I was surprised to hear some financial services industry experts say that many large firms don’t always know who their third parties are and what exactly they are doing for the firm.
I work for a large company that uses a decent amount of outsourced labor, as do most large companies, and creating an accurate list of all contractors, their duties, and their understanding of any such firm’s policies, procedures and values is a challenge. The first of many challenges, but a logical and possibly under-appreciated one.
Should you create an inventory of every single contractor — or just those that pose a certain level of risk to the firm because of the type of data they handle, deals they broker or communications they create? Only you and your team can answer that one.
Ironically, many firms hire consultants to track their consultants and then do this risk analysis.
The firm should also not forget another step in the early game of managing supply-chain risk: Identifying the third parties that are paying the firm to work with it.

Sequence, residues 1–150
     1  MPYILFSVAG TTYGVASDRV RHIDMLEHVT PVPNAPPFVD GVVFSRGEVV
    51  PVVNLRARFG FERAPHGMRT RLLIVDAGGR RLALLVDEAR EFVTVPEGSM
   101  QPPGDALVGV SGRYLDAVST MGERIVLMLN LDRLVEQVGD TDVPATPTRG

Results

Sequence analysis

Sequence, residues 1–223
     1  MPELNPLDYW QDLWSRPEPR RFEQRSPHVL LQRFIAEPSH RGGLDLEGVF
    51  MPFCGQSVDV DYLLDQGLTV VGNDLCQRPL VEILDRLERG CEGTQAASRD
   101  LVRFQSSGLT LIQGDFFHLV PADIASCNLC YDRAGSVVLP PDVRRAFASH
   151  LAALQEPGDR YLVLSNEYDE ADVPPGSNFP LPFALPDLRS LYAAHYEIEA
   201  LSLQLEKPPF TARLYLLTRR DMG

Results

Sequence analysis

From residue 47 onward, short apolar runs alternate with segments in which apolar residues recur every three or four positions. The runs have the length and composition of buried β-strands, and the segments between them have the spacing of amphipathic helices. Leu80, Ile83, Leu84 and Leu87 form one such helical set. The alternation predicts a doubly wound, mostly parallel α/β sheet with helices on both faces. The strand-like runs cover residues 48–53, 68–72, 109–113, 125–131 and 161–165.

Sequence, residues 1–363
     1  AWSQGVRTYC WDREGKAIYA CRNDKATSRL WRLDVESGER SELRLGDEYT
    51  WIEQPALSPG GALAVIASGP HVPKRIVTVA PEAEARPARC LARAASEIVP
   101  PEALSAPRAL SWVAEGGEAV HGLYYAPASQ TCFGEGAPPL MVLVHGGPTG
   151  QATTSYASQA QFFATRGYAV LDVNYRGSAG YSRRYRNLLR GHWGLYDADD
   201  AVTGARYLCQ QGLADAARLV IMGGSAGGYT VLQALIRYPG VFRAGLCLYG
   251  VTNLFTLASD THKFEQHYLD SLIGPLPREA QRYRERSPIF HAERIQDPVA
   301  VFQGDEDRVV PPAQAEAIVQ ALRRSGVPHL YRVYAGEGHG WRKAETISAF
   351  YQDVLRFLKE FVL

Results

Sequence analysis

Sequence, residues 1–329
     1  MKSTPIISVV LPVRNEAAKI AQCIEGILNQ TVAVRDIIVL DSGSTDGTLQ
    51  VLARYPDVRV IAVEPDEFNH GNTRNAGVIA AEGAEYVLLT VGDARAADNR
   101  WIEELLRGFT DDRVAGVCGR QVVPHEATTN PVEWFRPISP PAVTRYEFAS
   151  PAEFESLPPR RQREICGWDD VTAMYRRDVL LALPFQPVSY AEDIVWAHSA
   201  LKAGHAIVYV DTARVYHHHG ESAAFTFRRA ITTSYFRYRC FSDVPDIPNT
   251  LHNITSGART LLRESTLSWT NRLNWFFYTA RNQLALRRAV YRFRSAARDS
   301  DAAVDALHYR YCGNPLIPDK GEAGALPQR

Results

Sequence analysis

Is your firm getting an item of value from a third party for its ability to appear on your site in some fashion, or use your customer/subscriber lists, or market its wares at your events? You can’t just look for those parties you pay in doing these risk determinations.
If I can use the word “lastly” when creating just a preliminary list of action items, here goes: Lastly, who should be in charge of supply-chain risk in your firm?
It probably can’t just be the department finding the suppliers or signing the contracts with them. It is likely some collection of the procurement, legal, compliance, risk, audit, information technology and human resources departments.
These departments must work together to collect the information mentioned above and decide how to proceed with the data in terms of risk, training, oversight, etc.
Since your company is likely to continue using third parties to get work done, the goal is to do so knowledgeably. And to manifest this awareness in documentation that you can show a regulator or two.
Julie DiMauro is a contributing editor of the FCPA Blog. She’s a regulatory intelligence and e-learning expert in the GRC division of Thomson Reuters Accelus. Follow Julie on Twitter @Julie_DiMauro. Email Julie at [email protected].